For years, the Court—particularly now-retired Justice Anthony Kennedy—had slowly built an edifice to protect juvenile offenders. Roper v. Simmons, in 2005, saw capital punishment banned for juvenile offenders. In Graham v. Florida, back in 2010, Justice Kennedy found that a juvenile who committed a non-homicide crime could not be sentenced to life in prison without parole. There were two reasons for that. First, brain science had advanced to the point where we could determine there were “fundamental differences between juvenile and adult minds.” The court also found that juveniles were “more capable of change than are adults.” In other words, juveniles can grow and change, and with that, deserve mercy.
2012’s Miller v. Alabama saw Justice Kagan writing for the majority and finding that mandatory life without parole for juvenile offenders under 18 at the time of their crime violated the Eighth Amendment’s prohibition against cruel and unusual punishments.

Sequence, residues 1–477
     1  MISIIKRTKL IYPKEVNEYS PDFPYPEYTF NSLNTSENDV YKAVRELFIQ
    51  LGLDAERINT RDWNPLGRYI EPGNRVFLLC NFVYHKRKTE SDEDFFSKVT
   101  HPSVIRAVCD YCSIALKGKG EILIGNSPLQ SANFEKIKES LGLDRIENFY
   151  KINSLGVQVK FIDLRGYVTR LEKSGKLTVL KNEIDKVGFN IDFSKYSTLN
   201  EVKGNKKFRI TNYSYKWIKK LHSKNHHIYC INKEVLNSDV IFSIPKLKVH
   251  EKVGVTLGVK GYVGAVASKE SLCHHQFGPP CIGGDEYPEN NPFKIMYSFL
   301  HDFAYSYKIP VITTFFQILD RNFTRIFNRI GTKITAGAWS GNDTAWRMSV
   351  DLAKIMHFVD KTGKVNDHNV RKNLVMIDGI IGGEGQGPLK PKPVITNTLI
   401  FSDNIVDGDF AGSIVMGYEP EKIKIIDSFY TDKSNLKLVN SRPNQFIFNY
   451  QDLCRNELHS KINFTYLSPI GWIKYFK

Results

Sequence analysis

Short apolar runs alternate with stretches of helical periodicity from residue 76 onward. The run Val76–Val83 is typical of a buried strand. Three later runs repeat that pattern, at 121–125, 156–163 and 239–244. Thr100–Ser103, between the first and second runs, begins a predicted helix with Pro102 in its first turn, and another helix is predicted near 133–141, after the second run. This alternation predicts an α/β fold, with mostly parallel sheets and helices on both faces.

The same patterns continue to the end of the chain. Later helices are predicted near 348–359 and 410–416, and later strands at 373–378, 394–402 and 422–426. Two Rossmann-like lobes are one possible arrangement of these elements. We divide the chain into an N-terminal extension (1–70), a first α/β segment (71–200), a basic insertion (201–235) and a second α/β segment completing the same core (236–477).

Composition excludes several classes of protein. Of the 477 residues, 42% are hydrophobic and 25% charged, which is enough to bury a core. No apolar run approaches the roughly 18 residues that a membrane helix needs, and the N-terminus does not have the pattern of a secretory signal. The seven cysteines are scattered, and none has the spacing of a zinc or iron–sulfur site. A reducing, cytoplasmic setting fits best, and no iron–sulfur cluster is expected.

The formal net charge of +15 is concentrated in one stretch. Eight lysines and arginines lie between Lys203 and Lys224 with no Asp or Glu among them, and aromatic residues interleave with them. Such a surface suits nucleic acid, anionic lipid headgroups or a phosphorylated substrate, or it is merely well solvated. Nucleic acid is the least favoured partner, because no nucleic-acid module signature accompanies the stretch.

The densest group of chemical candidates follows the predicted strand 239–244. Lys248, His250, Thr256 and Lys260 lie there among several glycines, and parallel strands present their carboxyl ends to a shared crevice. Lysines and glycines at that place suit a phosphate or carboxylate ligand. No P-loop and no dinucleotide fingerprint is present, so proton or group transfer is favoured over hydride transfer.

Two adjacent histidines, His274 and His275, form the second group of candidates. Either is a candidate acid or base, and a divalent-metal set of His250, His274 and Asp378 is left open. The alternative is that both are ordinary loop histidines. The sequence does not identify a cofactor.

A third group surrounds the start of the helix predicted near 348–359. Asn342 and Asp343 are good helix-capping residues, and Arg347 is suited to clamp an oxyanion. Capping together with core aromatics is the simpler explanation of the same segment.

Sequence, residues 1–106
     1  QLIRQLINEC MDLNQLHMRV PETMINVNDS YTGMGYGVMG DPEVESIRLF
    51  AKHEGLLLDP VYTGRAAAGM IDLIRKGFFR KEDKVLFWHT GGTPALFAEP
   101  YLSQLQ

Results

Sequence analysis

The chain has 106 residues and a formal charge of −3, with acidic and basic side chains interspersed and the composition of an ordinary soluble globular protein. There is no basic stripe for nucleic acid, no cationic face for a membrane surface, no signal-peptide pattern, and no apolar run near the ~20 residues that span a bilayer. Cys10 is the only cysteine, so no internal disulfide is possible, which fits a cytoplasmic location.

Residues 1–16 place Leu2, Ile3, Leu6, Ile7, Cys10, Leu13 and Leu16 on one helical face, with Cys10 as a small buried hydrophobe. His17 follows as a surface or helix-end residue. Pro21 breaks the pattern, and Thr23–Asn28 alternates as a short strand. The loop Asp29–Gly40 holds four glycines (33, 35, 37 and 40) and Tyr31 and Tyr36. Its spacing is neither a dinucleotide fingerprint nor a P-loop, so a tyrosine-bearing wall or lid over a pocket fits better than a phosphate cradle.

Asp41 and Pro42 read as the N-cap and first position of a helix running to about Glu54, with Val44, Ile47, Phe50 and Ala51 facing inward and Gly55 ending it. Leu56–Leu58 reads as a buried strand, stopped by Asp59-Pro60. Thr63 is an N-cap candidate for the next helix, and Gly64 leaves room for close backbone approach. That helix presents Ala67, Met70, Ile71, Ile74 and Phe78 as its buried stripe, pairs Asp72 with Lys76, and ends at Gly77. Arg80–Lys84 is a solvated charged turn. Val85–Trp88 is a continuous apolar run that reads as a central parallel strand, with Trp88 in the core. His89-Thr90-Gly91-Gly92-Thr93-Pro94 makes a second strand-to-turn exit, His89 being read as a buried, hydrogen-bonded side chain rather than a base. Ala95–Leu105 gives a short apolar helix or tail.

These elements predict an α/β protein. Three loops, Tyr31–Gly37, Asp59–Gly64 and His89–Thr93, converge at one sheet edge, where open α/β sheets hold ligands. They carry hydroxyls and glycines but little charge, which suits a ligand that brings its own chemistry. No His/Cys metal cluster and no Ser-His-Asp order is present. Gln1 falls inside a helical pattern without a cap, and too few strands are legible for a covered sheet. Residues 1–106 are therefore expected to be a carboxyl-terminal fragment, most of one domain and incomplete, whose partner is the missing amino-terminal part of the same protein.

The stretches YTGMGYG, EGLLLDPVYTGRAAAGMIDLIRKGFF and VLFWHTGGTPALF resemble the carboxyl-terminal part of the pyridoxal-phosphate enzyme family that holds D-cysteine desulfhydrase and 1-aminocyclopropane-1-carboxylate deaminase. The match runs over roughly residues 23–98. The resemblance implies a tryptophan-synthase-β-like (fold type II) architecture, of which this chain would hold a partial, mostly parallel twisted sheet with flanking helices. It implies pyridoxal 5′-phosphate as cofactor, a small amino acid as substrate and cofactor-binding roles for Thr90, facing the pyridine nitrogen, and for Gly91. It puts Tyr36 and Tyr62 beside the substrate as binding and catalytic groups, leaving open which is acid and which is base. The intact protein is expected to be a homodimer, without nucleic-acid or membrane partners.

You might be forgiven for wondering how, particularly in light of Miller, the Court could decide that life without parole for a juvenile in this most recent case was just fine. In large part, it’s thanks to Kavanaugh’s sleight of hand.
Kavanaugh’s mercy is so small, so cramped. All a juvenile offender deserves, in his mind, is that a judge can exercise discretion—the life without parole sentence can’t be automatically imposed—and that the judge “consider” the offender’s youth. There are no requirements as to what that needs to look like. A mere passing thought about the age of the offender would be enough for Kavanaugh.